There appears to be black hole of fear inside of many of us where quiet self-confidence should live. For me it manifests in the haunted feeling that it’s just a matter of time before I am discovered for the fraud that I really am. Somehow (the mantra goes), I must have everybody tricked, because I’m not really good enough for all of this good in my life to be real. I’m not sure I can trust it. When I look at it written down like that, it doesn’t even make sense. But I have spent enough time here on APW to know I’m not alone in any of this.
At best, that feeling drives me like a hot iron poker to achieve stuff and keep the illusion alive a bit longer. At worst, it has driven me to want to make happy people feel like I’m feeling in those moments of self-doubt (e.g., by making condescending comments about unicorns crapping marshmallows, and wittily poking holes in the confidence of others to bring them down a notch). At its most shameful, I have found myself relieved (or even smug) when others have it “worse” than me. I guess that means I’m winning somehow? That I’m now one step closer to being the valedictorian of adulthood? The affirmation is a drug—I’m addicted to it because it lets me know I’m still okay, still getting away with it. Yeah. Shameful, messed up shit. Talk about dragging something putrid into the light to cleanse a wound.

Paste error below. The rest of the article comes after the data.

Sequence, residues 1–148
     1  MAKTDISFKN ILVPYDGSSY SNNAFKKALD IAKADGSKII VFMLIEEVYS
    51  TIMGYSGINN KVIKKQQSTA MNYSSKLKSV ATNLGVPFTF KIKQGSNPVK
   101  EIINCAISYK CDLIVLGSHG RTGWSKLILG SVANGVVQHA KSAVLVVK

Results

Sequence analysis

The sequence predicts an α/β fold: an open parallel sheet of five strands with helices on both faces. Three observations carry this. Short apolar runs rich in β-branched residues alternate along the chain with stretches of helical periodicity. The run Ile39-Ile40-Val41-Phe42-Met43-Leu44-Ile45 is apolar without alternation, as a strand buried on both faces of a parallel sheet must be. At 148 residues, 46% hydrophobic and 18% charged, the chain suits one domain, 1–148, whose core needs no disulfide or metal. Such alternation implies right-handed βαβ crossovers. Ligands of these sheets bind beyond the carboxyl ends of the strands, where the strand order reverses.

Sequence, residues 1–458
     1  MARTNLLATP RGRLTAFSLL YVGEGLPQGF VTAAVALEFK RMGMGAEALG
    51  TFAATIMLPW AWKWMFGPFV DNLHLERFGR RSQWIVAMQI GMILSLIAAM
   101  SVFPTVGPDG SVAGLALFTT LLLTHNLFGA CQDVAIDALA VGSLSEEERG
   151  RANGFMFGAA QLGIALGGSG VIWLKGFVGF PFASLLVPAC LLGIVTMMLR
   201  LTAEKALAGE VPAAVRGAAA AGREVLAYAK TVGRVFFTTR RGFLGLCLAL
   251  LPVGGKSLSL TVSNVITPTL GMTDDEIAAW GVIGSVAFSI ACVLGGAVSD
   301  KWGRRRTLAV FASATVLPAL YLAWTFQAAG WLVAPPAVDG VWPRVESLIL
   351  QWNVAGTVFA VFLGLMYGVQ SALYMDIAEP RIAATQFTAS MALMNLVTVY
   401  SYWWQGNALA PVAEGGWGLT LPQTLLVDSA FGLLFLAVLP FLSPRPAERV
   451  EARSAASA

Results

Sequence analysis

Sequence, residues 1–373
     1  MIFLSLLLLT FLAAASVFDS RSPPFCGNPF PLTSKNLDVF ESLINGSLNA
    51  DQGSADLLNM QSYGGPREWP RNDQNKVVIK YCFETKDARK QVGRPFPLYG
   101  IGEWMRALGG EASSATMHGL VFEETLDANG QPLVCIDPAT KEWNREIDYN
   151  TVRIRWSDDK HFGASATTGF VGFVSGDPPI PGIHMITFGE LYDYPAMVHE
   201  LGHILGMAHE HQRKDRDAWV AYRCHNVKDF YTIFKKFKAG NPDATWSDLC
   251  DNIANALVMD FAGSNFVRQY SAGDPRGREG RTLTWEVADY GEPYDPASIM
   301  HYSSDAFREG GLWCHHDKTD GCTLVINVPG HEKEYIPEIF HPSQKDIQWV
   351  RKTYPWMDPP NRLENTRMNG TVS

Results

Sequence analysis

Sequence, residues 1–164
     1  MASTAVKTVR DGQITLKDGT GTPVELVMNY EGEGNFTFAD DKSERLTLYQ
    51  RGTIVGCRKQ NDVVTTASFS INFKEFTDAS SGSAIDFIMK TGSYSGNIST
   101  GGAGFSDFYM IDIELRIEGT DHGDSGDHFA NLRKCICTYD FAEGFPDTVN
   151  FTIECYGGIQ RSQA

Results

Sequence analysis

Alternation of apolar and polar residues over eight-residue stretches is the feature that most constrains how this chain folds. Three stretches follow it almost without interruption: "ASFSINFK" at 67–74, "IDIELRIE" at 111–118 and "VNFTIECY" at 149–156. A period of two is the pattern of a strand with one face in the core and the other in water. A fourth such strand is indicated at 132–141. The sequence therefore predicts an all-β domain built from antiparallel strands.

Being an intellectual person, I find this distorted and destructive internal monologue simultaneously shameful and fascinating. What is the root cause of this pervasive sense of insecurity among some of the most fabulous women I know? And how can we turn this shit wagon around?
Well, after doing a bunch of searching in a bunch of different “-ologies,” I have a theory. I think insecurity boils down to believing, deep down, that we live in a competitive universe where there is not enough to go around.* This belief in a scarcity paradigm is bigger than seeing the glass as half-full or half-empty… it is about whether or not there’s water enough to refill the glass—and whether you believe that filling up your glass empties another glass somewhere.
This cultural backdrop probably finds its roots in the historical Calvinist belief that worldly success was a sign of God’s (limited and scarce) favor. Unlike cultures that venerate humility and renunciation of worldly goods as a sign of spiritual evolution, we venerate those with power and riches. Overlaid on this backdrop is a school system that relentlessly classifies us along a statistical normal distribution curve. It’s no wonder that we believe that the only way to know how we’re doing is to figure out how we stack up compared to everybody else.
The paradigm is further reinforced by marketers who tell us over and over that there is not enough (of anything, really) to go around (supplies are running out!). It’s an implied threat that sells stuff, for sure, as it tickles a little survival switch in our lizard brain that fears famine. The more we believe that stuff is scarce and the more worried we are that we won’t get something that we need, the faster we buy it (and the more we pay for it). The logic goes like this: What is rare is valuable! And to be fair, there are a lot of examples where this is true. Gold. Professorships in our hometowns. Female CEOs.
But here’s the rub—and the source of our suffering: the inverse is not necessarily true, though we tend to believe it is. What is valuable is not necessarily rare.